Ok, waffling beyond belief now, so there might have to be a part 2 to cover my years from post-college to now… But the picture is starting to be painted.
I was driven by perfection. I was driven by being right. I was driven by being acknowledged by others. I was driven by being approved by others. I was driven by being accepted by others.
I drove myself into misery. I drove myself into an unrealistic expectation of who I should be.
It was a downhill spiral, but at a guess, I was mildly unhappy from my mid-teens, and full on unhappy from my mid-twenties until the age of 31. I turn 35 this year.
Of course there was moments of happiness during the unhappy times. But they were always momentarily and always short lived.
I wasn’t depressed. Not clinically anyway. Just unhappy.
That’s a long bloody time to be unhappy. But I was the one behind the wheel, I drove myself to it.
I had to stop driving.
I had an internal combustion moment in April 2013, where I realised I relied on everything and everyone else for my own happiness. The last person I ever looked to for happiness was me.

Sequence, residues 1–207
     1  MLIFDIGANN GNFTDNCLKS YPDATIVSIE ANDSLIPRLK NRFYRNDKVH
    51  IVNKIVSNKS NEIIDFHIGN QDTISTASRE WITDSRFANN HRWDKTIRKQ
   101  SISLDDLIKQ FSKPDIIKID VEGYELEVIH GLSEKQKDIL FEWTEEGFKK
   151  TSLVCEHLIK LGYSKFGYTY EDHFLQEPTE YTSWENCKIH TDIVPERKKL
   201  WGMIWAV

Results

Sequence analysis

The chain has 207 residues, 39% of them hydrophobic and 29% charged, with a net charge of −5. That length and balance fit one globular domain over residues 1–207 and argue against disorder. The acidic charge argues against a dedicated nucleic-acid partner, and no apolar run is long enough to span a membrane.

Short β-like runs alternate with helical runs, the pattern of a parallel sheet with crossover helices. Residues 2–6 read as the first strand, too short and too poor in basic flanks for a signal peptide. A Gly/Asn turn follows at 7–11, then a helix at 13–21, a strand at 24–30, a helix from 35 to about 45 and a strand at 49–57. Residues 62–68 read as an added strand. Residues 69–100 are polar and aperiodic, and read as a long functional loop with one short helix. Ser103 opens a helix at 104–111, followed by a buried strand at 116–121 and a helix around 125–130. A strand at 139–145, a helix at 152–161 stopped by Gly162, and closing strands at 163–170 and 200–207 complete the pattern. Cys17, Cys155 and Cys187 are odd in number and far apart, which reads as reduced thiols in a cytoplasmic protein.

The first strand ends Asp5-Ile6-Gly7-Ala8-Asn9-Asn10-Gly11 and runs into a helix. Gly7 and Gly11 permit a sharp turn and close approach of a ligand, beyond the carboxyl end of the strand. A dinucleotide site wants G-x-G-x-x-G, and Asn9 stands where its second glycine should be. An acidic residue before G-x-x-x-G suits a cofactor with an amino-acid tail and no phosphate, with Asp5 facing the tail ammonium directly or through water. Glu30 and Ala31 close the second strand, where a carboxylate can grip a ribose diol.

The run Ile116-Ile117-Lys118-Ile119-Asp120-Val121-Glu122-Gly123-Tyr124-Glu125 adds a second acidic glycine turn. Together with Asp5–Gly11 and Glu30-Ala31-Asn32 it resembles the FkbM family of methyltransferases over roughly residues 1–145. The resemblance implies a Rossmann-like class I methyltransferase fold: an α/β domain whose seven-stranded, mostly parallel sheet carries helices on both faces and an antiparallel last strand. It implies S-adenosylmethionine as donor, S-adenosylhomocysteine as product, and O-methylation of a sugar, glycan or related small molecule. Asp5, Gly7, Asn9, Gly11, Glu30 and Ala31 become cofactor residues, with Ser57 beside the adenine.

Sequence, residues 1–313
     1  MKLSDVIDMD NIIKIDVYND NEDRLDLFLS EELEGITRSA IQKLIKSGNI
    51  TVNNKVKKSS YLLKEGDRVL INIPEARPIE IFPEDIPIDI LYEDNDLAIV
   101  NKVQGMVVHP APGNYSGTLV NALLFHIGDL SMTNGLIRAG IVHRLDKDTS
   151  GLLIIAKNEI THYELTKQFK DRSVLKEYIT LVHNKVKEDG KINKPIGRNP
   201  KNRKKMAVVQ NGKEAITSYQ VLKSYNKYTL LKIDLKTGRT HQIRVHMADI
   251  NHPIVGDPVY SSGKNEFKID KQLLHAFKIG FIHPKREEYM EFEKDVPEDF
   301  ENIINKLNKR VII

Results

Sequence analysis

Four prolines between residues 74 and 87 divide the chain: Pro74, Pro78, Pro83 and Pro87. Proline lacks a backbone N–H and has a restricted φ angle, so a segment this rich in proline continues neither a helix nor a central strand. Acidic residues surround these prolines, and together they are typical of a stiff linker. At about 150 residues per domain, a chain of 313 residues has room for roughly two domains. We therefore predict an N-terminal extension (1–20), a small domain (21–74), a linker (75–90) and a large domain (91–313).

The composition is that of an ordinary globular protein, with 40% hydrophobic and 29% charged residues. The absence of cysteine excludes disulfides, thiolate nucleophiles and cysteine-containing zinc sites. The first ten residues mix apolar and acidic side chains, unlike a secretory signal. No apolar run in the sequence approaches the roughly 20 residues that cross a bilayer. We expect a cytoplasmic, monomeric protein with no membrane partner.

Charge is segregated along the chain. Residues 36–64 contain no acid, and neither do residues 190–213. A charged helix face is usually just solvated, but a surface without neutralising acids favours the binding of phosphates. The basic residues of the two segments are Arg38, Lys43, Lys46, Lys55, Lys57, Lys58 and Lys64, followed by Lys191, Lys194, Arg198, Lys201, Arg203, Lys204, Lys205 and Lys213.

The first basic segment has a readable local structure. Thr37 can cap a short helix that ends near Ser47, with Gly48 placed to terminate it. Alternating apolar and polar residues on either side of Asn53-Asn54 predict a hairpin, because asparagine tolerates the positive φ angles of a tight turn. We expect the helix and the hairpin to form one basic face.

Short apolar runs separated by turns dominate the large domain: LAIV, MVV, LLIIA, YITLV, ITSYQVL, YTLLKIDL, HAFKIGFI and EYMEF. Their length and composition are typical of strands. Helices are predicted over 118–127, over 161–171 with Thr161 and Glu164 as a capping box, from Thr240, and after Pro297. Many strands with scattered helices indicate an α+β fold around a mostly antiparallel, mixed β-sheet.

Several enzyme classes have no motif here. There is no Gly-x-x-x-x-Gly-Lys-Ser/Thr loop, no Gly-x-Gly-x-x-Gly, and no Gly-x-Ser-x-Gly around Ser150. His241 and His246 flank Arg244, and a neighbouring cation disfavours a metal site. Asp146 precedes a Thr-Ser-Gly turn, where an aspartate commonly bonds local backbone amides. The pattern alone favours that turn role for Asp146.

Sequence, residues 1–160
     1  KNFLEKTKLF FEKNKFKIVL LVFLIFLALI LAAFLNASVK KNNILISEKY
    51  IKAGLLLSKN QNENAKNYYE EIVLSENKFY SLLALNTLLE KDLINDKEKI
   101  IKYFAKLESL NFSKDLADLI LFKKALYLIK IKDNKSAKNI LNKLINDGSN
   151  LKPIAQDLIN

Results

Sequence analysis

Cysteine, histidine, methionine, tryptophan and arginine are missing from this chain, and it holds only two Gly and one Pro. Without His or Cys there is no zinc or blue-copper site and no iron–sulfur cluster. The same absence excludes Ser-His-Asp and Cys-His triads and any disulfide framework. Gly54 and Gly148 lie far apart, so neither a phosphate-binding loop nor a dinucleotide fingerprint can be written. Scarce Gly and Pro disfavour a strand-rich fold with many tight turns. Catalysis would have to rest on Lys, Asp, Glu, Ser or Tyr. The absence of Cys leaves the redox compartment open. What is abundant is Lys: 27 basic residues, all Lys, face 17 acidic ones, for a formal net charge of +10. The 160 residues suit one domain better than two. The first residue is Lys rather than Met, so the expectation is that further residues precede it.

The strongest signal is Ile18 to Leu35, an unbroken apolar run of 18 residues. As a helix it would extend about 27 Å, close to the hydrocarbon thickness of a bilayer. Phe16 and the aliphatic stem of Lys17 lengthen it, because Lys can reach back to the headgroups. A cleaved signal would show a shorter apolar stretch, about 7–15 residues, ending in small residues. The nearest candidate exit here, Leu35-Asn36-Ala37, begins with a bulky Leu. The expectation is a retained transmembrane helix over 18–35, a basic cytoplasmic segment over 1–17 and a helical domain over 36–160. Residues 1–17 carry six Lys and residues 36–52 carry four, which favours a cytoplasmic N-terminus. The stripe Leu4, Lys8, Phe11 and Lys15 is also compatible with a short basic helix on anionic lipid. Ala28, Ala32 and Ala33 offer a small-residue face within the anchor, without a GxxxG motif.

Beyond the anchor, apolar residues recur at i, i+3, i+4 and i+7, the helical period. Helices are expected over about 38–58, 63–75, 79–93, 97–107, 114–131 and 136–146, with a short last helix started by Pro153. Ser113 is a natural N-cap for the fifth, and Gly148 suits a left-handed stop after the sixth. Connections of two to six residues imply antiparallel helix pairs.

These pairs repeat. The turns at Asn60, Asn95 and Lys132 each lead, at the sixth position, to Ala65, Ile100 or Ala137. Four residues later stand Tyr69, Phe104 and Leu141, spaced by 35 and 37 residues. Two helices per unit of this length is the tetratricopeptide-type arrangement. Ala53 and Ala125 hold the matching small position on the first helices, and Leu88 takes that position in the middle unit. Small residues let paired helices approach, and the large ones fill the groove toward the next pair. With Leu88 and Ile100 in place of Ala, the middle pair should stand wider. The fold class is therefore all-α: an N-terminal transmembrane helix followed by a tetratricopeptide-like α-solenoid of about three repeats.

So I stopped driving. I put on the brakes and I took the back seat. I simply started to give myself a break.
I stopped looking to others to approve my actions.
I stopped seeking acceptance by others.
I stopped wanting to be right all the time.
I stopped comparing my accomplishments to others.
I stopped striving to be the best.
I stopped putting others before me.
I stopped worrying what others thought of who I was.
I stopped trying to make others happy believing that would ultimately make me happy.
I stopped pursuing perfection.
So what happened when I stopped?
I started living my God damn life.
A happy one at that.
Thanks for reading,
(Picture is of the Coghlan Clan a few days after my sister's wedding in December 2015. A week long of celebrations where we were all well and truly living.
From L-R, Mam, brother-in-law Greg, brother Allan, sister Grace, Dad, and me.)